Respectfully interact with ONE of your classmates’ responses. Do you agree with their arguments and interpretations? Do you disagree? What other observations about the second half of City of Clowns do you want to bring into the discussion?

City of Clowns (Pages 1-64)- Daniel Alarcón

Entry Questions

What topics from the second half of the semester would you like to engage with for the final project? Do you want to propose a question?

Daniel Alarcón is a writer and radio producer exploring the social, cultural, and linguistic ties that connect people across Latin America and Spanish-speaking communities in the Americas. His powerful narrative storytelling—in English and Spanish, fiction and nonfiction, print and audio—chronicles individual lives and underreported topics against the backdrop of broader geopolitical and historical forces in the United States and Central and South America.

7:30- 9:25 / 11:55-14:30

Oscar “Chino” Uribe is a young Peruvian journalist for a local tabloid paper. After the recent death of his philandering father, he must confront the idea of his father’s other family, and how much of his own identity has been shaped by his father’s murky morals. At the same time, he begins to chronicle the life of street clowns, sad characters who populate the violent and corrupt city streets of Lima and is drawn into their haunting, fantastical world.

Oral/slide presentations

Young,Jathiya Barry

Ramos-Hunter,Evon M

Robles Aparicio,Emelin

Scott,Shayla Monique


Images and storytelling

Sheila Alvarado’s artwork plays with perspective, shadows, and time, with oversized clowns stomping over the cityscape, eerie images depicted in shadows, and characters drifting outside and between panels.

The graphic novel paints a dark portrait of a Lima, Peru fraught with corruption and violence while maintaining a twisted sort of humor and irony. Alvarado’s black and white pictures create a dramatic representation of the city where Alarcón was born.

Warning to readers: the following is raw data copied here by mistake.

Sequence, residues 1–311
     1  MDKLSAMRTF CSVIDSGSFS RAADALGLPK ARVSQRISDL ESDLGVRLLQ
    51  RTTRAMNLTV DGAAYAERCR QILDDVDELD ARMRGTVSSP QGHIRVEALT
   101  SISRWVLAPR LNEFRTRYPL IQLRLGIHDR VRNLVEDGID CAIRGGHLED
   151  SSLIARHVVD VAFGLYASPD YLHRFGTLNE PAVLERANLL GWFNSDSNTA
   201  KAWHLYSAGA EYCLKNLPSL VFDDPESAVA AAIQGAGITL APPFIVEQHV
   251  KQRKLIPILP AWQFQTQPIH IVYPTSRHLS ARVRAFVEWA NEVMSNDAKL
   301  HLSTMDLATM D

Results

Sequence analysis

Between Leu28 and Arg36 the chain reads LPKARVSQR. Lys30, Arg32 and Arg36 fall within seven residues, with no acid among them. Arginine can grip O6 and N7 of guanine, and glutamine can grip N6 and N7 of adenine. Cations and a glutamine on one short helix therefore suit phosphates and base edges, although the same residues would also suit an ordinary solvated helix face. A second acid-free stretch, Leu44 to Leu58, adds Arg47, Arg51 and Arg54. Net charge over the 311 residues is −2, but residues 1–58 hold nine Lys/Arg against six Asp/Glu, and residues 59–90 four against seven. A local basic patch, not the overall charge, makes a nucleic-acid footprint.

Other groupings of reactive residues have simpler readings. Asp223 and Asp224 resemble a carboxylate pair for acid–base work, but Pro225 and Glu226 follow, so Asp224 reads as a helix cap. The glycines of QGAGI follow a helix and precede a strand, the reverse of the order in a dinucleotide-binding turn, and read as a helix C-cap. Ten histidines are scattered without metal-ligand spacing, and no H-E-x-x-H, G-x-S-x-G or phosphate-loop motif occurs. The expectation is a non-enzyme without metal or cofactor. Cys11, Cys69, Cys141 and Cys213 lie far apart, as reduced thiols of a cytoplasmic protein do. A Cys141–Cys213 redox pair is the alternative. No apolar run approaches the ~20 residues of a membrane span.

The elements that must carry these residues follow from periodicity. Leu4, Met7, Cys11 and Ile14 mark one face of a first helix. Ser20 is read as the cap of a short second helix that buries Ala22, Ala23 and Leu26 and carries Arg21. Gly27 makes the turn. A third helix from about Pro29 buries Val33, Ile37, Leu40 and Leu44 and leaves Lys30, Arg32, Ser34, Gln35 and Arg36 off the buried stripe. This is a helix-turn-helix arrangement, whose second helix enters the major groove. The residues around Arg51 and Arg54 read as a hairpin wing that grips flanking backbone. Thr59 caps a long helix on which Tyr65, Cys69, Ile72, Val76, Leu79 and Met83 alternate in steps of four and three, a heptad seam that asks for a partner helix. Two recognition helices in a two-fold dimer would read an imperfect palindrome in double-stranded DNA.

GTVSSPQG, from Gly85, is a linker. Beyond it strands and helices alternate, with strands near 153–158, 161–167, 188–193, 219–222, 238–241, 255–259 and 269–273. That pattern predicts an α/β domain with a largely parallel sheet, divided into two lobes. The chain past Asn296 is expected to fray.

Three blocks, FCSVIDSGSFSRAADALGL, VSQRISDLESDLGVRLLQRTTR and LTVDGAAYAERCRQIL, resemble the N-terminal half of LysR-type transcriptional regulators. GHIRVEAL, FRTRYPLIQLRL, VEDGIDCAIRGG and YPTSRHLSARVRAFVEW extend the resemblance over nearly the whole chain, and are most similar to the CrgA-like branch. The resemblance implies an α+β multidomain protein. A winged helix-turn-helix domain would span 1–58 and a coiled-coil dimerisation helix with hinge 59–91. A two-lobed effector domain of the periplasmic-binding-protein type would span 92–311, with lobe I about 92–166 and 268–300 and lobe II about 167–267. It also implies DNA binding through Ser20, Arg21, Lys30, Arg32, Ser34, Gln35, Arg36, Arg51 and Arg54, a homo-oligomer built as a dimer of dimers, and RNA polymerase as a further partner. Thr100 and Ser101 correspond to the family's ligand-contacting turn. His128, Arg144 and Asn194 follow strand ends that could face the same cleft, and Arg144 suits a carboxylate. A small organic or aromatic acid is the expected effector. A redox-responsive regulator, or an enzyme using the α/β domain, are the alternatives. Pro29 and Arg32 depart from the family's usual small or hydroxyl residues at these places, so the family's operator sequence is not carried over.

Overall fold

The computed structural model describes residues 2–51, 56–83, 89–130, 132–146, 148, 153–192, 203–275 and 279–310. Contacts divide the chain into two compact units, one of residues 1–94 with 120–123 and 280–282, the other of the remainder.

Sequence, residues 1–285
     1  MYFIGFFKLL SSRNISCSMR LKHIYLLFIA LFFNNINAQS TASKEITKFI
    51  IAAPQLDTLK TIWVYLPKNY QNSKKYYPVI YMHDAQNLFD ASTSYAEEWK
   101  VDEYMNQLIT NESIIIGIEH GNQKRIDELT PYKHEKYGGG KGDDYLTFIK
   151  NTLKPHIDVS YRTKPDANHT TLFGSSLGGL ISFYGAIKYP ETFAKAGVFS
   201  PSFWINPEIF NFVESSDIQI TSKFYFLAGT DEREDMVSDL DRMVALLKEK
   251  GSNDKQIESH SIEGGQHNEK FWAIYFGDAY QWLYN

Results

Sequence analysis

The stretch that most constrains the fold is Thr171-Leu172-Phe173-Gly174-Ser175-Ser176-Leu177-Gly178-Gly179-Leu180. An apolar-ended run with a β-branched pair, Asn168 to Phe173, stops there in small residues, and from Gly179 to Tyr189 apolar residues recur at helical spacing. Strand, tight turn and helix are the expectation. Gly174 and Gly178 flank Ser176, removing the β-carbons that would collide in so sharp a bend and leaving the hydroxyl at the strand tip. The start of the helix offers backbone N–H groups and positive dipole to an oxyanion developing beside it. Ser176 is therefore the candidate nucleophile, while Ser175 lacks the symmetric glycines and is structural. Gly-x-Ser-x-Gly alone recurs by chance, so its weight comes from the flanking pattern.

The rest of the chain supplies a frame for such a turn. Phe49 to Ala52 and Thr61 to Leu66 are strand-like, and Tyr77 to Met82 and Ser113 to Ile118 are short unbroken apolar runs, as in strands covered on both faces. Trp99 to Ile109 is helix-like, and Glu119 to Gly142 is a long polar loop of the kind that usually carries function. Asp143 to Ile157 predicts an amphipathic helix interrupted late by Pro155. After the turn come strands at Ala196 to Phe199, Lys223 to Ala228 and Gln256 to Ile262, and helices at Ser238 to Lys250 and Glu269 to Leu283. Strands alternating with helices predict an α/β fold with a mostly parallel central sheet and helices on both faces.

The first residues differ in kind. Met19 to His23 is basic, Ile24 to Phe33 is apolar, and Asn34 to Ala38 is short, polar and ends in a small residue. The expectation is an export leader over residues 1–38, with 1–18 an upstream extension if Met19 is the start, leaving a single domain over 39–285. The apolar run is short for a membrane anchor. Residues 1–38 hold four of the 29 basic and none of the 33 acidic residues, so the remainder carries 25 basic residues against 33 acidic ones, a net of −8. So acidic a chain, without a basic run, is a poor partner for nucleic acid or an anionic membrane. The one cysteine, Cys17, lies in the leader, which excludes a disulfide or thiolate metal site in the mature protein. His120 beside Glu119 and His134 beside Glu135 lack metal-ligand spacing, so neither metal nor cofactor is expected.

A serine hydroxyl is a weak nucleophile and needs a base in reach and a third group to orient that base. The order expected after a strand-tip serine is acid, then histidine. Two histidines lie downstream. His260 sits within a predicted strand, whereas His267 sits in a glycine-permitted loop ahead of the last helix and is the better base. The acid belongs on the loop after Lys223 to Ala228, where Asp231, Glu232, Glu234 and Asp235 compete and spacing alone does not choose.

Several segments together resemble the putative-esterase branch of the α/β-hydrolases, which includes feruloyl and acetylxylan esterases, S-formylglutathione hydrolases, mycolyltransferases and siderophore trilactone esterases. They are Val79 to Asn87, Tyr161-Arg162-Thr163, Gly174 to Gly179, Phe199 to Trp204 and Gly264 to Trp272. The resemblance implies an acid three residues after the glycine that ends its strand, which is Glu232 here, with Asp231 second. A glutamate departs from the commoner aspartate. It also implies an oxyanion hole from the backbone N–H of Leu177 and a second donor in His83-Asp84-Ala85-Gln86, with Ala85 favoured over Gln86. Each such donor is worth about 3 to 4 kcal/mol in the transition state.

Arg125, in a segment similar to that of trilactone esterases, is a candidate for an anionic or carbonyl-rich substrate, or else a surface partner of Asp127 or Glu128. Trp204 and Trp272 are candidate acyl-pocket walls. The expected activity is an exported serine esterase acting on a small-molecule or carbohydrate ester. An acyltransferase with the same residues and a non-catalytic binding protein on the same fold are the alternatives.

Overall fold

Alvarado’s artwork seizes and exaggerates the unpolished and disorienting mood of Alarcón’s story.

-Kay T. Xia, “City of Clowns a Swirling Metropolis of Memories”

Asynchronous Blog Post on City of Clowns (Pages 1-64)

Asynchronous Blog Post


1. Read pages 1-64* of Daniel Alarcón and Sheila Alvarado’s graphic story City of Clowns.

*Pages 1-11 in the original text-only version.*

3. Pick ONE of the following options and respond in the comment section down below. The deadline is 11/29 before the class. 200-word minimum.


One of the narrative goals of this first part of the novel is to put together a portrait of Lima. Based on Oscar (Chino)’s account how would you describe  Perú’s capital? To what extent Chino’s emotional state and his family’s history affect his perception of different urban environments?


The clowns in the story are not represented as humorous silly figures, what do you think the clowns are emphasizing so far? Beyond the reportage Chino is writing, what do you think is going to be their role in the story?


What does the choice of illustrating in a high contrast black and white do? Pick two different sections of this first half and discuss how Sheila Alvarado’s illustrations synthesize, add layers of meaning and/or complement Daniel Alarcón’s narration.  How do you interpret the isolated illustrations without text?


Respectfully interact with ONE of your classmates’ responses. Do you agree with their arguments and interpretations? Do you disagree? What other observations about the first half of City of Clowns do you want to bring into the discussion?